CK Insights

April 14, 2016

Hip to be Square

Michael Katz

There’s no doubt you’ve seen them in your Facebook newsfeed. Mesmerizing, overhead footage of food being prepared to perfection. Videos of food that look so delicious you’re compelled to watch them multiple times so you can make the dishes yourself.

 

Since Buzzfeed’s Tasty channel hit the scene in July of 2015, there has been an onslaught of recipe-based videos filling our newsfeeds. Everywhere you look, there are eggs being cracked, spices being sprinkled and a whole lot of mixing. A new genre of video has emerged that won’t be going away anytime soon.

 

While I could write a whole post on the recipe revolution, my focus here is on why these types of videos are catching fire, with many others following Buzzfeed’s recipe for success.

 

There’s no doubt you’ve seen them in your Facebook newsfeed. Mesmerizing, overhead footage of food being prepared to perfection. Videos of food that look so delicious you’re compelled to watch them multiple times so you can make the dishes yourself.

 

Since Buzzfeed’s Tasty channel hit the scene in July of 2015, there has been an onslaught of recipe-based videos filling our newsfeeds. Everywhere you look, there are eggs being cracked, spices being sprinkled and a whole lot of mixing. A new genre of video has emerged that won’t be going away anytime soon.

 

While I could write a whole post on the recipe revolution, my focus here is on why these types of videos are catching fire, with many others following Buzzfeed’s recipe for success.

 

Full Plate

 

It’s been a long time since the advent of high definition video and it’s 16 x 9 (widescreen) aspect ratio. As a video producer, this is how I’ve been conditioned to shoot, edit and deliver my video for all mediums, including social media. So, why are Tasty videos, gulp, square?

 

The answer is quite simple. Facebook made them do it.

 

Facebook currently displays uploaded video two ways within the feed: square or widescreen. (I’ll omit vertical video for now since it gets cropped or squeezed within the square, making for a less than ideal viewing experience.) The below image shows the variations (square & widescreen) side-by-side.

 

As you can see, square videos take up almost twice as much real estate as their widescreen counterparts. There is a clear advantage to having your moving images displayed in the maximum space allotted. More space helps videos stand out amongst the adorable pictures of babies and pets and all the other items competing for your attention. It also takes more time to scroll past it, giving the viewer additional time to take in the story – even if they don’t want to.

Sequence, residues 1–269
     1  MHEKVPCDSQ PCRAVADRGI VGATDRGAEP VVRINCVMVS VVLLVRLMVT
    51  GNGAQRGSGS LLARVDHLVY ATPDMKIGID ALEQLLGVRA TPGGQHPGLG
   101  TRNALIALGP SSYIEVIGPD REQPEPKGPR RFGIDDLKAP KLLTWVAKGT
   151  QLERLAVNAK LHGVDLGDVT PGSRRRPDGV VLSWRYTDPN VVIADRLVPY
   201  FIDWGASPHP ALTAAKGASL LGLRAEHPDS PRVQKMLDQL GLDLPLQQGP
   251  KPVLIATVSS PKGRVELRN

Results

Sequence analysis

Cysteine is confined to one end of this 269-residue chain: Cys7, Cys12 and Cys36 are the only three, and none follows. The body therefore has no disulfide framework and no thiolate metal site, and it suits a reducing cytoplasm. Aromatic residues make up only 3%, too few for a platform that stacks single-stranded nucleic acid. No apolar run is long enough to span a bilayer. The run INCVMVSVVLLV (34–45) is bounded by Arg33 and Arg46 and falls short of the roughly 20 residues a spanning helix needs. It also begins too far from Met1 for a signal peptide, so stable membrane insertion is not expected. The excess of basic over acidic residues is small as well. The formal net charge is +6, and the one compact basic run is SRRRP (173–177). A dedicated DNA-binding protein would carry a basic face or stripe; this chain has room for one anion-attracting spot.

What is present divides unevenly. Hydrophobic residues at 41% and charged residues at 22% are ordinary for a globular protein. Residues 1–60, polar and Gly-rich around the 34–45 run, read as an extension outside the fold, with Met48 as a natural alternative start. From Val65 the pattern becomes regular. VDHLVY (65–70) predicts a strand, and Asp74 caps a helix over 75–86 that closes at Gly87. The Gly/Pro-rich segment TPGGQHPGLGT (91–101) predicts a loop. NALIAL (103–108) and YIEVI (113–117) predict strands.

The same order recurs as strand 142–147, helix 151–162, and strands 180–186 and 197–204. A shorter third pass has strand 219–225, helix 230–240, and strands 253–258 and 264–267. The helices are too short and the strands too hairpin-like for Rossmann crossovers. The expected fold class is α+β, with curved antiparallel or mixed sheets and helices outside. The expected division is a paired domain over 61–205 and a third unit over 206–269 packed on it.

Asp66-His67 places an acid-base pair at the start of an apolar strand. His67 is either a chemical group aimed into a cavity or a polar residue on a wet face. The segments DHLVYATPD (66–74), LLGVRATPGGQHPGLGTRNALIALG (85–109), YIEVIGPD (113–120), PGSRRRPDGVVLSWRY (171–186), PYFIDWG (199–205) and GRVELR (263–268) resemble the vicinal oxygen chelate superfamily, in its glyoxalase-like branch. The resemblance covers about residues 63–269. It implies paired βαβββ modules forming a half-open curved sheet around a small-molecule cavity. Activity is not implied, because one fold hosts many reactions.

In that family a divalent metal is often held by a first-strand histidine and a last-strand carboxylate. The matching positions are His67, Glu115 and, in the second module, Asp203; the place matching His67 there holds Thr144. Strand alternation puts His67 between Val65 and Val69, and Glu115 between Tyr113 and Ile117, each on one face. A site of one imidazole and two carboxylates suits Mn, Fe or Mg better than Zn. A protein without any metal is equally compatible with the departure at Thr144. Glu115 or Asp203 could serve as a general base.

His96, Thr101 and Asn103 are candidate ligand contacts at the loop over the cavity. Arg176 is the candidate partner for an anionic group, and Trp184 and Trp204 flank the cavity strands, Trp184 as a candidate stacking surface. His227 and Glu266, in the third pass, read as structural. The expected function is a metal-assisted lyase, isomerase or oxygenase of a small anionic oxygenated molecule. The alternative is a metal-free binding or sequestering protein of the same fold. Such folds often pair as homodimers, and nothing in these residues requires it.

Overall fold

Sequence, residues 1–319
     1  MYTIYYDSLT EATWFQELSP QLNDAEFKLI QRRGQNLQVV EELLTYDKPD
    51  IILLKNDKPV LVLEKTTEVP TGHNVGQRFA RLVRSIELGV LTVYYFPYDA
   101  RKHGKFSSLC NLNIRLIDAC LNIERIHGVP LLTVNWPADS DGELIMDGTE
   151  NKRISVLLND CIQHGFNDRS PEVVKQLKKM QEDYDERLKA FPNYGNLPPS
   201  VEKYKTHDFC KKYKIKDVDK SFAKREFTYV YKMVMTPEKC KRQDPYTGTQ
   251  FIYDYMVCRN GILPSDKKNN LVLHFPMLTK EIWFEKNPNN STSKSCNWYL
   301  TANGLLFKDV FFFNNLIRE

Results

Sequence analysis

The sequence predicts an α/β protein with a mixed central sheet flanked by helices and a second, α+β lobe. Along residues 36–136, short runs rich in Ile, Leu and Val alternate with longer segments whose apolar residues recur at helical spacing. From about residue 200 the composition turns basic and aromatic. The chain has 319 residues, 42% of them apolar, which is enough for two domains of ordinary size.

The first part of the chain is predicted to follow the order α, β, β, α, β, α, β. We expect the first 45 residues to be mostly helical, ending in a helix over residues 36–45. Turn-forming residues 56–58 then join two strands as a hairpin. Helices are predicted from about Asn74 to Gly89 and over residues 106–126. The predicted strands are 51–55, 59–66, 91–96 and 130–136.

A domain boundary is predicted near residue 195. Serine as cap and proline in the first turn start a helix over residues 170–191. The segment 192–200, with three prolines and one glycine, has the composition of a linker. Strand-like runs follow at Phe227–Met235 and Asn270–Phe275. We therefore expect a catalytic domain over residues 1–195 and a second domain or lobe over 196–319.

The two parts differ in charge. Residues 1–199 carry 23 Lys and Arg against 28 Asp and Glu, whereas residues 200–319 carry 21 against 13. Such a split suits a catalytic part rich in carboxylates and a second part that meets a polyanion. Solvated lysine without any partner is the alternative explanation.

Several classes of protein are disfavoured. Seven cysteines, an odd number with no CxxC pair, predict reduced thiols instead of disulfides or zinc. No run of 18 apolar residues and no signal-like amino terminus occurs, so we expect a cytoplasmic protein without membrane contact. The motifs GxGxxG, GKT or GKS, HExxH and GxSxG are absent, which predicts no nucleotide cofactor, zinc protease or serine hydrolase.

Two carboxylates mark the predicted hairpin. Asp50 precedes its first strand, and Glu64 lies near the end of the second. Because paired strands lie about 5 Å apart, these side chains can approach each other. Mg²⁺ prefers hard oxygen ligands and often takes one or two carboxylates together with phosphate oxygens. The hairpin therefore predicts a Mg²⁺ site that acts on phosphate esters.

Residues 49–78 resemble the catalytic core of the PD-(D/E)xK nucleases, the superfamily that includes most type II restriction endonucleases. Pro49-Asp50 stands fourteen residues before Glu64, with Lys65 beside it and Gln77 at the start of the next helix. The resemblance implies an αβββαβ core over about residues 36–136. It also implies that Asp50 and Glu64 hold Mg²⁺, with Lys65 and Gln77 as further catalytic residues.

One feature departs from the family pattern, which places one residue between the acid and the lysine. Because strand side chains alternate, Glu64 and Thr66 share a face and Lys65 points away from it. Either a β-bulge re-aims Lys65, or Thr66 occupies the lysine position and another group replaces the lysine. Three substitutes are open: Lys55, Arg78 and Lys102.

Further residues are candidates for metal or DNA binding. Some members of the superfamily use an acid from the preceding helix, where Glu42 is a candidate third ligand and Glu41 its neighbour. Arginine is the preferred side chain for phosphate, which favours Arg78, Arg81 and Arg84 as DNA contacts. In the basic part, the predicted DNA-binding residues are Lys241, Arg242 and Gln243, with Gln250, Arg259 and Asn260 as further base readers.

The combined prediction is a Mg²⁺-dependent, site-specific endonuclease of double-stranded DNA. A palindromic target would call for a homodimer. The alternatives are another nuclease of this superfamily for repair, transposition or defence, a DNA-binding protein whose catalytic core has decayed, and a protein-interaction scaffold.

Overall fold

Take Out

 

So we now know that square video is perfect if you’re watching on a computer, but what if, like the majority of people, you’re viewing on a mobile device? Good news: square video is optimized for mobile viewing too.

 

Have you ever clicked on a widescreen Facebook video on your phone? It’s tiny, forcing you to do the unthinkable…rotate your phone. Now you’re stuck awkwardly holding your phone sideways just so you can enjoy the trailer for the next season of Game of Thrones.

Square video, on the other hand, fills up most of the screen and allows you to continue holding the phone vertically, as God intended. Phew, crisis averted!

Portion Control

 

I know what you’re thinking. We get it, square videos are super awesome and optimized for Facebook, but that can’t be the only reason they’re popular. Well, you’re right.

 

Another reason Tasty-style videos have taken off is because they’re short. A majority of them are at or under the one minute mark, which makes them easily consumed and digested. They’re also bite-sized enough to share with others – knowing you’re not wasting too much of their time.

 

Silent Dining

 

Since the introduction of Facebook’s auto-play feature, we’ve grown accustomed to having our videos play automatically as we scroll past them. It’s also forced us to watch videos that are completely devoid of sound, something that was almost unheard of in the past.

 

Viral sites such as Buzzfeed and Tip Hero have taken full advantage of this feature by creating content that uses interesting visuals and titles to tell the whole story. The background music in this case is just the icing on the cake.

 

Still not convinced Tasty-style video is the way to go on Facebook? Consider this – According to Newswhip’s Spike, a real-time social media monitoring system, within the last week of writing this article, eight of the top ten shared videos on Facebook were square. Seven of them didn’t need sound for context, including the non-recipe based ones. Finally, the average length of the top ten shared videos was 45 seconds.

 

But what if you have widescreen video that can’t be cropped into a square? Not to worry, just fit the widescreen video in a square and put eye-catching titles in the black bars above and below like this guy.

 

So there you have it. The top reasons Tasty-style videos have taken over your Facebook feed. Now that you know the “secrets” that make them so popular, maybe it’s time to rethink how your videos can be optimized for better Facebook engagement.


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